Sadness or melancholia is not necessarily a bad thing. In fact, many great artists and writers thrived on melancholia.
Jackson Pollock, Franz Kafka, William Faulkner, F. Scott Fitzgerald all produced some of their greatest works when they had to deal with terrible sadness.
In his controversial book Against Happiness: In Defense of Melancholia writer Eric G. Wilson argues that down is the new up, that deep sorrow and melancholia are in fact responsible for the birth of some of the masterpieces from the world's musical maestros.
In the book, Wilson tells the story of how Bruce Springsteen produced his low-key masterpiece Nebraska during a long bout of depression; Springsteen recorded most of the tracks on the album while receiving treatment for his depression.
Some of Beethoven's magnum opuses were written when the maestro was in despair over his asthma, gastric problems and the hearing loss that was starting to take its toll.
As mortality crept in, Beethoven declared that he would create works that would stand the test of time.
Just like the Boss and Beethoven, our current President Susilo Bambang Yudhoyono is the kind of person who thrives on melancholia.
During the past six months, we have watched as SBY has turned into a very melancholic person, the kind of person who never hesitates to wear his heart on his sleeve.
And if there's one defining characteristic of the first three months of his second term in office, it must be melancholia.
Most of the time, he tries to present himself as someone who has been wronged by others, the little kid in elementary school who becomes the punching bag for jocks.
Remember when he said soon after the July bombings last year that there was a plot to assassinate him as part of an effort to derail his presidential bid? The statement was made soon after it became clear that he would be re-elected for the second term in office - in a landslide no less.
It is safe to say that he has founded his second term in office on being melancholic.
Throughout the Bank Century saga, Yudhoyono has been very consistent in dwelling on his melancholic mood.
When critics made the accusation that some members of Yudhoyono's family, campaign team and close aides received some of the bailout fund intended for the troubled bank, Yudhoyono responded by saying that it was a vicious slander designed to besmirch his clean image.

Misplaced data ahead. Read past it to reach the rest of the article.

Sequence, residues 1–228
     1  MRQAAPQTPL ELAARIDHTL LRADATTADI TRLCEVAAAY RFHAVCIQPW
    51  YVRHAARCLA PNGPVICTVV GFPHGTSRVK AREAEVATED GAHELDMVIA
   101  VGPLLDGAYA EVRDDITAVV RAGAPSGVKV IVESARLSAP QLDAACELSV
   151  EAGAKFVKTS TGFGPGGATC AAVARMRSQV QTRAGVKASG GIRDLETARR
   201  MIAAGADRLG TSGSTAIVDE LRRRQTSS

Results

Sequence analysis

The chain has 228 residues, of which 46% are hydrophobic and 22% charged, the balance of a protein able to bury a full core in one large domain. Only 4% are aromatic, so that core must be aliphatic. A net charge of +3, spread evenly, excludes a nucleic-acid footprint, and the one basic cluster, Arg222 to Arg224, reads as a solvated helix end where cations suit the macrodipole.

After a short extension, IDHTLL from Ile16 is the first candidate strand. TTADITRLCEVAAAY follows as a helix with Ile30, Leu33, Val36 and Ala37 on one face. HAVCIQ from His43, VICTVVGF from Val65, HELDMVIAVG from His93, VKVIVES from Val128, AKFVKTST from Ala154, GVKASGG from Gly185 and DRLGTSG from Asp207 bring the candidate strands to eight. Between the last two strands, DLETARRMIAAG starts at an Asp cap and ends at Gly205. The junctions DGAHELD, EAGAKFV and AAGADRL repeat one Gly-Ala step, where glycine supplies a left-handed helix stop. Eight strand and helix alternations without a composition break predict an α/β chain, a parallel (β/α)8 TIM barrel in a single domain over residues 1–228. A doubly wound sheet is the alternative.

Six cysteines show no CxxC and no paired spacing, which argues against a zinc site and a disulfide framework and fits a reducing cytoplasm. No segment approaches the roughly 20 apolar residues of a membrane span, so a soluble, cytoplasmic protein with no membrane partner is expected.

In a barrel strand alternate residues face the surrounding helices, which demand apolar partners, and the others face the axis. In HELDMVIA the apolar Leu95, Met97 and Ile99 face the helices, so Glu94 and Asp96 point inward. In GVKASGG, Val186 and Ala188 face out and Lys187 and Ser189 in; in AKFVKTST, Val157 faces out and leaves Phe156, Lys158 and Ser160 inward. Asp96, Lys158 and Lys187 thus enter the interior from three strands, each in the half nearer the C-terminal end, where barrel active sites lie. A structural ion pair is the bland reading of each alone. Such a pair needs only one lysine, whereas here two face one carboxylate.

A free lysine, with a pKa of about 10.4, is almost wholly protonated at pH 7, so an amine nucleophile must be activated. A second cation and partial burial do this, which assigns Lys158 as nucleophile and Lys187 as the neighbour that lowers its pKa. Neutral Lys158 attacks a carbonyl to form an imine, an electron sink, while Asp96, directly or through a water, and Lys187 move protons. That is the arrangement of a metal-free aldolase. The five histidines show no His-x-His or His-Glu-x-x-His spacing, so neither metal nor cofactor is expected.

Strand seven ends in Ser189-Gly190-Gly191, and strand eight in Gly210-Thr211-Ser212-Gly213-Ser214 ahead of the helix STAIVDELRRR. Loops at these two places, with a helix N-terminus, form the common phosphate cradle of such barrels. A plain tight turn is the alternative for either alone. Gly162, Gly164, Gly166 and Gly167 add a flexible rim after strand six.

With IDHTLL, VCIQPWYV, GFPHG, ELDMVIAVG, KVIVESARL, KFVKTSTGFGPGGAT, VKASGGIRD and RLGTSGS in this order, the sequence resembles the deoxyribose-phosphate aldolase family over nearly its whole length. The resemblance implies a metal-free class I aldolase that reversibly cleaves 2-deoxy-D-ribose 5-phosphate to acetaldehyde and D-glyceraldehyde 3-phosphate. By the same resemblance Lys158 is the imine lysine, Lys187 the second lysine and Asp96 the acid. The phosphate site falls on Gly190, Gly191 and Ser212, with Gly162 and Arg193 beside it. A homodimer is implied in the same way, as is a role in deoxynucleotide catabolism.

And when this newspaper ran a story about the likelihood of Finance Minister Sri Mulyani Indrawati being replaced for her key role in the Century scandal, Yudhoyono once again reverted to his melancholic mode.
"This is dirty politics, maybe they're trying to play off the finance minister and the President," he told the public, which apparently has not forgotten that he should be the one who calls all the shots.
It must be a drag being the President in this country and we must be forgiven for thinking that all that melancholia - the same strain that affected Springsteen and Beethoven - has brought the President's artistic vision to fruition.
The task of governing must be such an unbearably heavy load on his broad shoulders that the President has had to resort to the arts as an escape, even when he's only a little free time left for it.
Last week we finally got to sample the taste of the fruit of his melancholia, when he released his latest album Ku Yakin Sampai di Sana (I Believe I Will Get There),
To be honest, I confess I have not heard the album. But judging from the rave reviews it has received so far, it seems that when it comes to uplifting messages, this album would make U2 or Sting blush.
I mean, how can you go wrong with titles like "Jiwaku Terang Malam Ini" (My Soul was Enlightened Tonight) or "Untukmu Anak Manis" (For You, Sweet Children).
The cheery titles notwithstanding, the atmosphere of melancholia heavily colors this album.
If we can believe the judgment by ubercritic Remy Sylado that Kenny Rogers and Dolly Parton - two singers who built their careers performing melancholic songs - were all over the record, Ku Yakin Sampai Di Sana is a masterwork that will likely stand the test of time.
And as more people rush to snap up a copy of this record, I cannot but hope that this President stays melancholic (perhaps from the additional problems that will likely pile up in the coming months), if only so he can continue to entertain us with his artistic works.
- M. Taufiqurrahman